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Wednesday, November 29th 2023

Guide to fast websites with Next.js: Tips for maximizing server speeds and minimizing client burden

Tinloof Co-founder Seif Ghezala gives insights into how his team measures website speed with best practices to make faster websites.

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Seif Ghezala

Tinloof Co-founder

Tinloof is an agency obsessed with delivering fast websites such as jewelry brand Jennifer Fisher, which went from a Shopify theme to a modern Next.js website that instantly loads with 80% less JavaScript.

When evaluating the speed of a website, they look at key metrics in a typical user journey:

  1. Server response time: How long it takes for the user to get any feedback once landed on the page.
  2. Page render time: How long it takes for a page to become fully visible and interactive.
  3. User interaction time: How long it takes the user to make key interactions on the page such as navigating between pages or adding an item to the cart.

This article covers tips to measure and make each part of the user journey as fast as it gets.

The basics of site speed: Measuring data correctly

The key to making your site fast and keeping it fast—for any user on any device—is data. Speed is more than just a way to gauge user experience, it's crucial for getting the top spot on any search platform and winning organic page views.

To ensure they're measuring the right data correctly, tools like Google PageSpeed Insights and Vercel Speed Insights are able to provide objective metrics. These tools can be used to diagnose page performance issues, providing insights into aspects like loading times, interactivity, and visual stability.

It's also equally important to test the user journey under various network conditions.

Combining objective tools with a hands-on approach provides a comprehensive view of a website experience, ensuring it’s optimised for all users.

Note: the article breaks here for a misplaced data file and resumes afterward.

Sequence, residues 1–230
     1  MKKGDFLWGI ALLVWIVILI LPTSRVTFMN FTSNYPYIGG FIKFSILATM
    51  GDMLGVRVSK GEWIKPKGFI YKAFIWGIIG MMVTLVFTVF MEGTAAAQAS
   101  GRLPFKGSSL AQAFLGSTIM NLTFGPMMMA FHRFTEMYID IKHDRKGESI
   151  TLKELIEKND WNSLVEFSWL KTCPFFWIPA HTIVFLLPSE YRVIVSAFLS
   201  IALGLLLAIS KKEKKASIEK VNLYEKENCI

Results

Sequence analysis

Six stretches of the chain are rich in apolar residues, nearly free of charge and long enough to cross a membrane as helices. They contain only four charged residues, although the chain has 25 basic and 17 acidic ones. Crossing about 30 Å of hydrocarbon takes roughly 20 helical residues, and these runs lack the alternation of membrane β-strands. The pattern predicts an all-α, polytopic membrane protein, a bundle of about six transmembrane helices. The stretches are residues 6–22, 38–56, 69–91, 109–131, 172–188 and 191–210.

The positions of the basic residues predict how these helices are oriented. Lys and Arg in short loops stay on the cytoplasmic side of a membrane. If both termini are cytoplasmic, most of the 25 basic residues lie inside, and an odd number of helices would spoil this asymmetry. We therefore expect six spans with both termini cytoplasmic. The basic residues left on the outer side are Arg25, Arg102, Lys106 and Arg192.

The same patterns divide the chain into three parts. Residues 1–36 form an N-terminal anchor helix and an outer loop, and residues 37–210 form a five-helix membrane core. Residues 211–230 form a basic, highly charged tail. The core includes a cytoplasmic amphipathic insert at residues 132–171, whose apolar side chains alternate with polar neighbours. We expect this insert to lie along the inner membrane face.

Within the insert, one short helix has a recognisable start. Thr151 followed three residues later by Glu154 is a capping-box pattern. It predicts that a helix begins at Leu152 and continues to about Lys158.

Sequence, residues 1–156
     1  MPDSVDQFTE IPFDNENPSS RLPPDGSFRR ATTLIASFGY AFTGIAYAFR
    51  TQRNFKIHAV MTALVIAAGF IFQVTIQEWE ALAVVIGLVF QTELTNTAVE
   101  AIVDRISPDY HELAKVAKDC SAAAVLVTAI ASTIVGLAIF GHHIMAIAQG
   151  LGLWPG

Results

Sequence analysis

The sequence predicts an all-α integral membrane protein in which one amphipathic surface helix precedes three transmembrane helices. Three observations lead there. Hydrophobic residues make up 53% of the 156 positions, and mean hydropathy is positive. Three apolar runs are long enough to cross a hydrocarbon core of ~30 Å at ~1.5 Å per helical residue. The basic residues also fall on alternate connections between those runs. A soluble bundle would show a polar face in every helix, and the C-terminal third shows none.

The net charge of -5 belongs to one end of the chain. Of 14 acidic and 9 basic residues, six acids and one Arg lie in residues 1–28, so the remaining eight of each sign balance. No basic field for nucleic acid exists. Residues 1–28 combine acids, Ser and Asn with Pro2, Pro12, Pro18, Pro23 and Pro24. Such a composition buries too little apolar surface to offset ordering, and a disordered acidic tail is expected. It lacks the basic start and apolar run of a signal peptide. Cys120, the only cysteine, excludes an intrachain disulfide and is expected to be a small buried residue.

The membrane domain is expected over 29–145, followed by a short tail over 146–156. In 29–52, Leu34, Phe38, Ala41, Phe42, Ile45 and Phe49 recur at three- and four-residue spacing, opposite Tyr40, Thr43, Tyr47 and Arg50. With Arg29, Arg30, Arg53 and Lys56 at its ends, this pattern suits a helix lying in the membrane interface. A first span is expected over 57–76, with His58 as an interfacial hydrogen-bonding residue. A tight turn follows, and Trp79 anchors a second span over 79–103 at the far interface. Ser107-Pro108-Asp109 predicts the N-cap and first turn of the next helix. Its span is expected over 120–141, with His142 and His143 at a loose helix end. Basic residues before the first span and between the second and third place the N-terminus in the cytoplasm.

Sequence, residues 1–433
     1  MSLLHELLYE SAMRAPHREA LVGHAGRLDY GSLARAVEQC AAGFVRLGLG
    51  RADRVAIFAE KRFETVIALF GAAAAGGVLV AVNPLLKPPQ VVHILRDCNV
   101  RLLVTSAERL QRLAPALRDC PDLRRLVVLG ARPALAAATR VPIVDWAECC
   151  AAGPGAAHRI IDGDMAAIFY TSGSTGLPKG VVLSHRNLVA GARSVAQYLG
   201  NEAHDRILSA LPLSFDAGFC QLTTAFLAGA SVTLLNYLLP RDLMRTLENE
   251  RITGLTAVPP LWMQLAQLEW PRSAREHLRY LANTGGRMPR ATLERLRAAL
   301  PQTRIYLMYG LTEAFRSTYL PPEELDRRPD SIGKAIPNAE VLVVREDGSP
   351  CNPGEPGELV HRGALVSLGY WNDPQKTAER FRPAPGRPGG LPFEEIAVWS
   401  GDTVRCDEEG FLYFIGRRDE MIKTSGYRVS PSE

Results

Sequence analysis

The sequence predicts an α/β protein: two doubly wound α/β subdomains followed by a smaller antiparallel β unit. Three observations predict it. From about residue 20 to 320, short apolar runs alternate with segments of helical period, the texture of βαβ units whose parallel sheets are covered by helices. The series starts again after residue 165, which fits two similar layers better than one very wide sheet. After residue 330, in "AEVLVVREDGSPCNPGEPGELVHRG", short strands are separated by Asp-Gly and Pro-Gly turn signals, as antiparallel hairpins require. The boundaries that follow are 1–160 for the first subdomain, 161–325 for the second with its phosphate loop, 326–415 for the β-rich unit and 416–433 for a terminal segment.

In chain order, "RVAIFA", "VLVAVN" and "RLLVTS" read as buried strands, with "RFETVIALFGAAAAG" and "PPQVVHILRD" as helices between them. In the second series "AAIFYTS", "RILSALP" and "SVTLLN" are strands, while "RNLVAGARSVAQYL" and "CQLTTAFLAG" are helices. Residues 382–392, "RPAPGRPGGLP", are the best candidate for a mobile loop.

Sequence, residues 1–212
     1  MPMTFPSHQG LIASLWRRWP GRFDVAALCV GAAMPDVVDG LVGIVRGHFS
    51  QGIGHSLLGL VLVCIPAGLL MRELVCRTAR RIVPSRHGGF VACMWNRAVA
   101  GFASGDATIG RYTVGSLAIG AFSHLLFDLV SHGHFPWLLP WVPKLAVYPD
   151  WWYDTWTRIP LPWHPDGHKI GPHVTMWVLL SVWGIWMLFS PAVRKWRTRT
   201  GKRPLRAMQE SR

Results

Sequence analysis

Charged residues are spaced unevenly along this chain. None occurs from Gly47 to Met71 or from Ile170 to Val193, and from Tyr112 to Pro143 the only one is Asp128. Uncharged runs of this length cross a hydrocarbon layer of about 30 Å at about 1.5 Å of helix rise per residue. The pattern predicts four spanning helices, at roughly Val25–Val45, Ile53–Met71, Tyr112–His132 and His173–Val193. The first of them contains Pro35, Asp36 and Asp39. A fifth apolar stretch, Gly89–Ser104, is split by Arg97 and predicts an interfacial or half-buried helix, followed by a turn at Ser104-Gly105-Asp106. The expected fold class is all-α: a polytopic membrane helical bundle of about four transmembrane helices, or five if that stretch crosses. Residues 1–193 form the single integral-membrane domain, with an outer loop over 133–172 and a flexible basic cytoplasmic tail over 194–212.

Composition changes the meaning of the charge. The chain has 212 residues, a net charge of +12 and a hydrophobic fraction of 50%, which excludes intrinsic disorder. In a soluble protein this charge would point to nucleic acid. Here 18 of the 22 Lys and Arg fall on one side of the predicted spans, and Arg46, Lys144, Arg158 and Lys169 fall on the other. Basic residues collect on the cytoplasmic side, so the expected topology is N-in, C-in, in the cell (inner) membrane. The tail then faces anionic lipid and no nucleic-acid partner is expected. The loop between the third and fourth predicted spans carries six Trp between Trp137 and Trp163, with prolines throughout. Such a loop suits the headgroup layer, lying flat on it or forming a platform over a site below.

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How to speed up server response: Make use of Next.js’ rendering toolbox

Once key performance metrics are evaluated, the team is able to pinpoint where and how to make improvements in things like server response.

When possible: Pre-render the entire page

Pre-rendering the page at build-time ensures it is served from a CDN instead of your origin server, resulting in the fastest server response possible. This is done automatically by Next.js if you don’t use the edge runtime and the page doesn’t rely on cookies, headers, or search parameters.

Else: Partial Prerender

Pre-rendering an entire page might not be always possible.  

With Partial Prerendering (PPR) in Next.js, it's possible to pre-render a shell of the page that is served from a CDN while streaming the dynamic bits at the same time.

Partial Prerendering is currently an experimental feature that allows you to render a route with a static loading shell, while keeping some parts dynamic. In other words, you can isolate the dynamic parts of a page instead of a whole route.

Final resort: Render a loading shell while waiting for the final response

When a page is rendered at request time, it’s better to immediately show the user a UI hint that indicates a page is loading, rather than unresponsive links.

It’s best to make the loading UI resemble as much as possible the final one.

In Next.js, there are two places where you can render the loading UI:

  • Inside the fallback prop of the Suspense boundary that wraps async component making requests inside the page.

Cache fetch requests for fast server responses when using loading spinners

Loading shells are not an excuse for slow server responses. Most server responses can be cached instead of making the user wait for them on every page visit. Although this is the default behaviour of fetch requests in Next.js, you can still control the freshness of this data:

  • By revalidating the server response every x number seconds.
export default function Home() {
// The CMS data is guaranteed to be fresh every 2 minutes
const cmsData = await fetch(`https://...`, { next: { revalidate: 120 } });
return <h1>{cmsData.title}</h1>
  • Or by revalidating the server response when a certain event happens. Here’s an example where a CMS response is revalidated whenever a new CMS page gets published.
export default function Home() {
// The CMS data is cached until the tag is revalidated
const cmsData = await fetch(`https://...`, { next: { tags: ['landing-page']);
return <h1>{cmsData.title}</h1>
import { revalidateTag } from 'next/cache';
import { NextRequest, NextResponse } from 'next/server';